Single Stage Knee Arthroplasty Revision Surgery, Our Experience with Eleven Cases and Review of the Literature

Andreas X. Papadopoulos M.D. PhD1, Athanasios Karageorgos M.D. PhD1,Charalampos Matzaroglou M.D. Associate Professor2,Spyros A. Syggelos M.D. Assistant Professor3, Christos A. Papadopoulos Physiotherapist1, Ioannis  D. Gelalis M.D. Professor4

1Department of Orthopaedic Surgery, Olympion Medical Center, Patras, Greece
2Department of Rehabilitation Sciences, University of Patras, Greece
3Department Anatomy – Histology – Embryology, University of Patras
4Orthopaedic Department, University of Ioannina, Greece

Knee replacement is a widely performed and very successful procedure for the management of knee arthritis. Nevertheless, it is postulated that a total of 2-5% of primary and revision total knee arthroplasties (TKAs) is infected every year [1,2]. Despite the low incidence, the absolute numbers of prosthetic joint infections (PJIs) are growing, owing to an increased number of replacement surgeries, and are associated with significant morbidity and socioeconomic burden [3,4].

Although several definitions of PJI exist, Musculoskeletal Infection’s Society (MSIS) definition is based on strict criteria and is one of the most used [5].

Patients with certain risk factors have an increased risk to develop PJI [6,7]. Risk factors include presence of systemic or local active infection in an arthritic knee; previous operative procedures in the same knee, diabetes mellitus, malnutrition, smoking, alcohol consumption, co-morbidities, and immunosuppression; end-stage renal disease on hemodialysis, liver disease, intravenous drug abuse, and low safety operative room environment.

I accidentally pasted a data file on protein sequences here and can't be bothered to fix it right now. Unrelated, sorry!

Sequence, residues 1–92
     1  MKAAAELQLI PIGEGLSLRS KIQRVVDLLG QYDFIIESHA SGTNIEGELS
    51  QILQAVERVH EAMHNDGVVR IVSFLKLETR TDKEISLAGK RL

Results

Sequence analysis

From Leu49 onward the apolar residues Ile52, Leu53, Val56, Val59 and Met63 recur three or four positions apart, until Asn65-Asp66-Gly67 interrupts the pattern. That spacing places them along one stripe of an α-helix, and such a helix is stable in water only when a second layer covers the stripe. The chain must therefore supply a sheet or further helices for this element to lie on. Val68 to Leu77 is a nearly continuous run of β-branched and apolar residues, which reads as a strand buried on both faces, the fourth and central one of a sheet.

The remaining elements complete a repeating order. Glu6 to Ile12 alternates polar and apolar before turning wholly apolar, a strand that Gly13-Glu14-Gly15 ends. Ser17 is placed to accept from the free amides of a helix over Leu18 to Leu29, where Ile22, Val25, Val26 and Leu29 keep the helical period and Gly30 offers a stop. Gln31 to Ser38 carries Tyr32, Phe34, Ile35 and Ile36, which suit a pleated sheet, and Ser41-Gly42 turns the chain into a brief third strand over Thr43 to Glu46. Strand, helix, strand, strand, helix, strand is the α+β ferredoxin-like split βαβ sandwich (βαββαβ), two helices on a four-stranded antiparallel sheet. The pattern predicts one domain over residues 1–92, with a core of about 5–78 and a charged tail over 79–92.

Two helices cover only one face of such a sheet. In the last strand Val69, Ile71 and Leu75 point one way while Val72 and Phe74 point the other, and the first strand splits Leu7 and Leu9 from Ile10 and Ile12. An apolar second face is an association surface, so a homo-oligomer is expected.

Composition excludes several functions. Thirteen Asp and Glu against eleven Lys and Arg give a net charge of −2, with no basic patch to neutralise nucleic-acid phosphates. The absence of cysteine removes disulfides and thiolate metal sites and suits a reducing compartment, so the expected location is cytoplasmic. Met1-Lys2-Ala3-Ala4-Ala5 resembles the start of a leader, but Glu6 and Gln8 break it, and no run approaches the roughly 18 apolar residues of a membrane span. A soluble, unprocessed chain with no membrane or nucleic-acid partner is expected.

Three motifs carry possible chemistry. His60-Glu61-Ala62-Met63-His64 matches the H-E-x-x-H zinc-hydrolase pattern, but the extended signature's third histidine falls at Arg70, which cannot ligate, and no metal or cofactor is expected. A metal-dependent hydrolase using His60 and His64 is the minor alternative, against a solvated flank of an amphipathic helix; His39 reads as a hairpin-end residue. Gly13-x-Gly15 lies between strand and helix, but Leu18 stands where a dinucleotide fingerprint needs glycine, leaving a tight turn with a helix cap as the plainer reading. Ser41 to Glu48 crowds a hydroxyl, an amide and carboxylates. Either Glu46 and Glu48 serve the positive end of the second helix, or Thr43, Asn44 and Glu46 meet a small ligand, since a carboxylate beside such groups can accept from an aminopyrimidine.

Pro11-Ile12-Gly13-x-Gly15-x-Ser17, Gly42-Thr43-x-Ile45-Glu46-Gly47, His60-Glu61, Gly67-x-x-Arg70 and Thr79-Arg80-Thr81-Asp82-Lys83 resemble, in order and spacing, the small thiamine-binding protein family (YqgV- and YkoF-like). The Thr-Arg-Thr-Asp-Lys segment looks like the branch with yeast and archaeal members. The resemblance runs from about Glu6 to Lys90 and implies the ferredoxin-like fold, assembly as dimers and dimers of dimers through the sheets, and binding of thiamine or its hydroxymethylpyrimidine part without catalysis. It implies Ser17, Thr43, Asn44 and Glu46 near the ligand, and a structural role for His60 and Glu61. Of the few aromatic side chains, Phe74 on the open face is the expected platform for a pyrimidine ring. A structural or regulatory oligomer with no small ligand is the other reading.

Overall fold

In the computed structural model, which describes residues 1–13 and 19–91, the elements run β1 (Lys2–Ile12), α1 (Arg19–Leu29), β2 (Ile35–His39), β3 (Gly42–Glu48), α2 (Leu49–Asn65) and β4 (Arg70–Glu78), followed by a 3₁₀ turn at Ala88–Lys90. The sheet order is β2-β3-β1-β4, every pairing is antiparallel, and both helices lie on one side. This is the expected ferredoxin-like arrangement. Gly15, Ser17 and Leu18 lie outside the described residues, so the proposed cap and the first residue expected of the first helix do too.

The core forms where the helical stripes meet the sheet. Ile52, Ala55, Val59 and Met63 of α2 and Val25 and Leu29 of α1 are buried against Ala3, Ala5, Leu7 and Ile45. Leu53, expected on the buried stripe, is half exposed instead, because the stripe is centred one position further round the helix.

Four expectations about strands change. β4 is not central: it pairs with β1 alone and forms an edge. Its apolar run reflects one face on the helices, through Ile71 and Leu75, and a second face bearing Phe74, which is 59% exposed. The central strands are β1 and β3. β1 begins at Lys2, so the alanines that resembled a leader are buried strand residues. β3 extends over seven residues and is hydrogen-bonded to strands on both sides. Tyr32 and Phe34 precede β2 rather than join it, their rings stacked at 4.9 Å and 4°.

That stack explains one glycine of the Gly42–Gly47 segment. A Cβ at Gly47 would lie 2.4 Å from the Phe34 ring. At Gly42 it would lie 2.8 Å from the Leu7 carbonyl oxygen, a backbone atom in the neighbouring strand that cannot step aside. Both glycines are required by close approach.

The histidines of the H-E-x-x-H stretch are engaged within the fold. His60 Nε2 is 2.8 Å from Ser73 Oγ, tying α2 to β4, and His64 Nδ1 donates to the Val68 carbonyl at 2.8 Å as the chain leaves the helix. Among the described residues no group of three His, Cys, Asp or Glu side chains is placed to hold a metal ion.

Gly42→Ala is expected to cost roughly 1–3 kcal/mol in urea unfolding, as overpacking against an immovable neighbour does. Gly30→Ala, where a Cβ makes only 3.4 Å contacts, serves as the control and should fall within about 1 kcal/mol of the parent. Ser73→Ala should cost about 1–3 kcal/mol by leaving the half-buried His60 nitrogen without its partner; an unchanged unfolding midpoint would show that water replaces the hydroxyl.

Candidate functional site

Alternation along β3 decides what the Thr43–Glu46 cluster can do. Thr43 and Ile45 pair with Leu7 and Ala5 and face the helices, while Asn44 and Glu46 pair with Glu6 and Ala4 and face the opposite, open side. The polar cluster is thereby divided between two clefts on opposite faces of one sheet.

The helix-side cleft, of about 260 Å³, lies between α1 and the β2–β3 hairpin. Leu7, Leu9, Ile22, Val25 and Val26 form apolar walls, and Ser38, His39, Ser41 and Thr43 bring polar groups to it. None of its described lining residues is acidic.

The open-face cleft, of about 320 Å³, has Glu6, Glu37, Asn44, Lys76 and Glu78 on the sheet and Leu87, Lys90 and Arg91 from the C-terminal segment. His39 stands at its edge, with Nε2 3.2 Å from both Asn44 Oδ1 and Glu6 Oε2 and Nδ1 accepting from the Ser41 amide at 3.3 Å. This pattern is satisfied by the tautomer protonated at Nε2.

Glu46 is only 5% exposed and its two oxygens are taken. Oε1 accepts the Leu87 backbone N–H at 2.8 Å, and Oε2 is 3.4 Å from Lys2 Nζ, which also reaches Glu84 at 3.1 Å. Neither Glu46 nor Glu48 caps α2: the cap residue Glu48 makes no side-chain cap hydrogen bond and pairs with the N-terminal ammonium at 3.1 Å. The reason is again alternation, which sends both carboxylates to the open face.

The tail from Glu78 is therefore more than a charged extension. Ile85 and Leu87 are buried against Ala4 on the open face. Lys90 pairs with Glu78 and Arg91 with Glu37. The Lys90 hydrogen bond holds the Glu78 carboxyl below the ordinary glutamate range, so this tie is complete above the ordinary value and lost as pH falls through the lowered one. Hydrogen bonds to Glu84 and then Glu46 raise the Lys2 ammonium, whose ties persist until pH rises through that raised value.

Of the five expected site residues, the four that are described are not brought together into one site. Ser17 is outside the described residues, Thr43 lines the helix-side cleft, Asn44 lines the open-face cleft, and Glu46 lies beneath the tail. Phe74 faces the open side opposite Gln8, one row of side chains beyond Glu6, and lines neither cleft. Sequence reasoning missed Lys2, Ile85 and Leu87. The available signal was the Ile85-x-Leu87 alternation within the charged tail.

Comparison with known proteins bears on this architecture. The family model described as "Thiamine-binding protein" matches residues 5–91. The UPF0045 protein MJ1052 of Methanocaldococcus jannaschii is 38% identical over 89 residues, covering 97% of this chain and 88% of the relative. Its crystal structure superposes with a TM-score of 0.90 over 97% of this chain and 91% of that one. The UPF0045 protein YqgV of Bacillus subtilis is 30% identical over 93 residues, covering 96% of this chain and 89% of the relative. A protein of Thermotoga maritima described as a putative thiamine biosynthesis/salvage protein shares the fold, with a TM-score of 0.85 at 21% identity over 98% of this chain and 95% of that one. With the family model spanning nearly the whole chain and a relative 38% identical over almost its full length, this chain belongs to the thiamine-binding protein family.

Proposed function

PJIs are classified according to the depth of infection, to superficial and deep infections. Superficial infections are limited to the incision and superficial tissues, while deep infections, that involve deep layers, may occur up to one year postoperatively, and influence surgical management strategy. Timing of infection is also an important factor in guiding treatment. PJIs are classified to acute postoperative, within a month of the index procedure, acute haematogenous, presenting with acute symptoms in a previously well – functioning joint, and late chronic, where infection develops later than one month postoperatively [8].

Management of PJI’s is mainly surgical, reserving conservative treatment for patients unable to undergo surgery [9]. Surgical options include debridement and retention of the prosthetic implants (DAIR), two – stage exchange revision, single – stage exchange revision, permanent resection arthroplasty, and finally amputation as the last measure [10]. DAIR is a viable option in early stages of acute infections, but established chronic infections necessitate more radical methods.

Two – stage revision that was originally described by Install [11], secondly modified through the development of static spacers [12], and then articulating spacers [13], is considered the gold standard of TKA infection management [14]. A large volume of literature reports successful eradication of PJIs in more than 90% of patients using this approach [15,16,17]. Nevertheless, this procedure is costly, time-consuming, develops stiffness, arthrofibrosis, impairs mobility and increases inpatient stay. Single-stage revision arthroplasty for infection was first described in the 1980s [18, 19], has gained popularity for use in selected patients [20]. Infection control using this approach is achieved in 67% to 95% of patients [21, 22, 23, 24]. Furthermore, it is associated with less patient morbidity, improving functional outcome and reducing cost [25, 20].

This paper seeks to systematically review the results of using single – stage revision arthroplasty for chronic infection of TKAs. Furthermore, we report our experience with eleven cases of chronic knee arthroplasty infection, which were treated with the aforementioned technique.

Keywords: Single Stage Knee, Arthroplasty Revision Surgery

Free Full-text PDF

How to cite this article: